DEP and Florida’s water management districts frequently monitor Florida’s water quality and routinely collect algal bloom samples as soon as they are observed to identify algal type and test for toxicity. In addition, staff are deployed to take additional samples in response to reported blooms – whether from a citizen, other response team agencies or other sources. To keep residents and visitors informed of the latest algal bloom monitoring results and activities, DEP has a website where it posts the dates and locations of samples collected. Test results are added as they become available. Persistent blooms are routinely monitored and retested.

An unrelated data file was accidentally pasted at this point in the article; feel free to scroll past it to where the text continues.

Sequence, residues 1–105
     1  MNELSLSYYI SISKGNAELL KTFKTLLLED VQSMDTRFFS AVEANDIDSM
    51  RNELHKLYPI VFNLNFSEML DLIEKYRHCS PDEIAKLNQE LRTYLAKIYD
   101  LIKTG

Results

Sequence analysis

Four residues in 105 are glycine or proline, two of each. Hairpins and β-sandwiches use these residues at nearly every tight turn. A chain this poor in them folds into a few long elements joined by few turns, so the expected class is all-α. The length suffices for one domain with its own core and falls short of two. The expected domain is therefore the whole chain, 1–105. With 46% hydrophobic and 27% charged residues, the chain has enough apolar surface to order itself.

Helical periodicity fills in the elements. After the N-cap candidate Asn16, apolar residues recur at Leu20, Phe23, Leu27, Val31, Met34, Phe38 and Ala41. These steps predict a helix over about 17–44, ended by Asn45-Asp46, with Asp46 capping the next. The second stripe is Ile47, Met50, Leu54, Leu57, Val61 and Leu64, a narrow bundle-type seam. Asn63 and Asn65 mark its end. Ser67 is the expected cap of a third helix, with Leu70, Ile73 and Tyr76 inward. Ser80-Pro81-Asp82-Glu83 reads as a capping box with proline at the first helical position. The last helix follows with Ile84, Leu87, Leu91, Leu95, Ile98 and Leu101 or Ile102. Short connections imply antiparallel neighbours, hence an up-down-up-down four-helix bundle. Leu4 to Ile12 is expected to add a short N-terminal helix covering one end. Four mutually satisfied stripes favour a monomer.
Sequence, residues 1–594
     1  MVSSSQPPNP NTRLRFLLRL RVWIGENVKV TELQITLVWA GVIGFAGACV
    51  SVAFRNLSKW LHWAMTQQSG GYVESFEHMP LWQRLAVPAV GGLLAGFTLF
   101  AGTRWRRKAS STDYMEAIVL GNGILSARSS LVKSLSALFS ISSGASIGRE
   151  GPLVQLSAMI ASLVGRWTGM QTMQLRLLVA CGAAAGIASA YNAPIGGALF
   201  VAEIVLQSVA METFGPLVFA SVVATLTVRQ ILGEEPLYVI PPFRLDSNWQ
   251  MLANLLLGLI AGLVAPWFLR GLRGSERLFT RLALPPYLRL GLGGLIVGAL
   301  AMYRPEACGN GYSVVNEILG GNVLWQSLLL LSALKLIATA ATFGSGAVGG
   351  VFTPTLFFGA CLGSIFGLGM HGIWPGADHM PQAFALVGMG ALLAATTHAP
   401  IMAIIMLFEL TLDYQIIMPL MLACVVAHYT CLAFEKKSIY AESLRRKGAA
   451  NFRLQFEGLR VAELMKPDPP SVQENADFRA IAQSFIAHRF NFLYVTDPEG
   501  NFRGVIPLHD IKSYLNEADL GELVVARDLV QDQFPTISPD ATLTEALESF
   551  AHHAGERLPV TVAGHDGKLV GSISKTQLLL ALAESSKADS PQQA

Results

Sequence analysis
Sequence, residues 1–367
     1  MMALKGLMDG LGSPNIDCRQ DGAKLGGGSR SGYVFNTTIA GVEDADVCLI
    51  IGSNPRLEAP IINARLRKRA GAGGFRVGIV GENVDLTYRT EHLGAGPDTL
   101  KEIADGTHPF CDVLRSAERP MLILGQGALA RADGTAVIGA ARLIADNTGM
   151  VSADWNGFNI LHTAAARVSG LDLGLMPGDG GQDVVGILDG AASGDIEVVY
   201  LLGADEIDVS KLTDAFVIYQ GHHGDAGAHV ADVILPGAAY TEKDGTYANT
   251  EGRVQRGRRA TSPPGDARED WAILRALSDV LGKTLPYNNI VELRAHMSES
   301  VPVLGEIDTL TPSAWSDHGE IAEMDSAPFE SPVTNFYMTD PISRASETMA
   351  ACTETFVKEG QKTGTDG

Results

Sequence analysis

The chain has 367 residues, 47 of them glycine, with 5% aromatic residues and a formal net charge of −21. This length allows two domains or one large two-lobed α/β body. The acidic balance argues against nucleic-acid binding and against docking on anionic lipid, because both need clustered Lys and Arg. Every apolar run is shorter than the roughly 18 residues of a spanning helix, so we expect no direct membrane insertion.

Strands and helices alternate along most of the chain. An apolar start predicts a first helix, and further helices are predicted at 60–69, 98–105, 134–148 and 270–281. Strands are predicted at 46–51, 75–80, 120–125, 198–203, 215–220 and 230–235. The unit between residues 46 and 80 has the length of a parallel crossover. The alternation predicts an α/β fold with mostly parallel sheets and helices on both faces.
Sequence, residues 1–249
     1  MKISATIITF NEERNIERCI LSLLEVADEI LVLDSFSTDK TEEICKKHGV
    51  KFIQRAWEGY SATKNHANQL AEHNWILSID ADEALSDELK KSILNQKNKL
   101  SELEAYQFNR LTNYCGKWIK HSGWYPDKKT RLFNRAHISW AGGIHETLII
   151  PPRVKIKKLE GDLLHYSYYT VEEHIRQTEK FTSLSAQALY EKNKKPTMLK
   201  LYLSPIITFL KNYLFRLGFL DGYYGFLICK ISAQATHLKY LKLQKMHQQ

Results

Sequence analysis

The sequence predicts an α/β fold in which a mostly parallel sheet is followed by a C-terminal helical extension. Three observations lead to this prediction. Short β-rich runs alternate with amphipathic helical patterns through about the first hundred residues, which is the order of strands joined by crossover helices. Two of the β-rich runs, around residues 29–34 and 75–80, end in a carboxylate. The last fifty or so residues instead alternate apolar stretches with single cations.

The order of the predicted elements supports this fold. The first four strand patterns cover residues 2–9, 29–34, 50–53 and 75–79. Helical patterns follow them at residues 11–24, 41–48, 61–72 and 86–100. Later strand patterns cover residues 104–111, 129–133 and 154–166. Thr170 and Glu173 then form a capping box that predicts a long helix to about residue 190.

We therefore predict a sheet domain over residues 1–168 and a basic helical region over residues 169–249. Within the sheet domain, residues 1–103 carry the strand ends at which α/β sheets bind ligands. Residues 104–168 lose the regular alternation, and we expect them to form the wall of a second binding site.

DEP project to benefit Wekiwa Springs

Project: Longwood Transmission Main for Septic Tank Abatement Program and Springs Recharge

The Florida Department of Environmental Protection announced a suite of 40 projects that will receive $50 million from the Fighting for Florida’s Future budget to improve water quality, reduce nutrient loading, recharge water supply and protect habitat in Florida’s iconic spring systems. This includes a state investment of more than $10.2 million to protect springs in Central and Northeast Florida, including the Silver, Wekiva, Volusia Blue and De Leon springsheds. Combined with match funding from Florida’s water management districts and local partners, the investment in springs projects statewide will total more than $94 million during the 2017-18 fiscal year.